Today, we're sharing a story from Stacy who not only had to deal with the loss of her job last year, but was also diagnosed with Hodgkin lymphoma.
2009 was not my year to say the least. First I got laid off from my job in banking. I am single and do not have children so my career was a large part of my life and my identity. In order to deal with the situation, I decided I was going to turn it into a positive experience and use the time to do all the things I never had time for before. I joined a running group and ran my first race, volunteered at an arts and crafts program for homeless children, attended yoga class regularly, traveled a little and took my dog for walks in the park daily. I had finally stopped to smell the roses.
A few months later I found a lump in my neck. Although I thought it was probably nothing, I had a nagging feeling that I should go to the doctor. I did go and that was the day my life changed forever - I was diagnosed with advanced stage Hodgkin lymphoma that had been found in eight lymph nodes throughout my body. My treatment was six months of chemotherapy and my prognosis was 50/50. I was numb and in a fog yet my mind was racing with questions like "Do they make chemo that doesn't make your hair fall out?" and "How much time do I have left?"
I have a wonderful supportive family and friends but I felt as if no one really understood what I was going through. A social worker at Massachusetts General Hospital recommended The Leukemia & Lymphoma Society's Patti Robinson Kaufmann First Connection Program. Through conversations with my First Connection volunteer we learned that not only did we have the same name, but our moms have the same name also. We are only a few years apart in age and she was diagnosed at the same age as I was. She is at the same career level, lives alone, is a dog owner, loves flowers and gardening, has long dark hair, and even went to high school with my cousin. We had so much in common that I felt as if I had known her for a lifetime. This person who is so much like me had gone through the same experience and made it through. She became my inspiration.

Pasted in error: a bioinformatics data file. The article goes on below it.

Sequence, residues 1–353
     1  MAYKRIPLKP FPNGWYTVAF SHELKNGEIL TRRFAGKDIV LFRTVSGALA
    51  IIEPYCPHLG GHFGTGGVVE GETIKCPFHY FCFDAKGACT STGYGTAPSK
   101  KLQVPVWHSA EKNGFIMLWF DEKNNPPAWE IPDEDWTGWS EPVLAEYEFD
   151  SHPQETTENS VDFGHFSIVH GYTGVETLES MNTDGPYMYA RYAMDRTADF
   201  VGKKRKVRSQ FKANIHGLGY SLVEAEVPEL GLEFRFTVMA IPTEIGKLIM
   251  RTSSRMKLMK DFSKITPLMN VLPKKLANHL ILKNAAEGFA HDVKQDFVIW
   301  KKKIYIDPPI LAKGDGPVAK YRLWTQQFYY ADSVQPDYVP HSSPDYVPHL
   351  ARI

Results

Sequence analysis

I am pleased to say this story does have a happy ending. In January I found out that I am in remission, in May I started a new job and in June I traveled to Ohio and got to meet my peer connection!
When I think back on the last few months and 2009, I would hope that anyone going through an experience like mine remembers to live every minute with every ounce of his or her being. They may feel that they can't get through this, but they will surprise themselves when they find out that they do have the strength inside to fight the toughest battle of their life. And when they win, life will be sweeter and more precious than they ever thought it could be. Your support makes a difference.
For more information about LLS's vital work, visit www.LLS.org.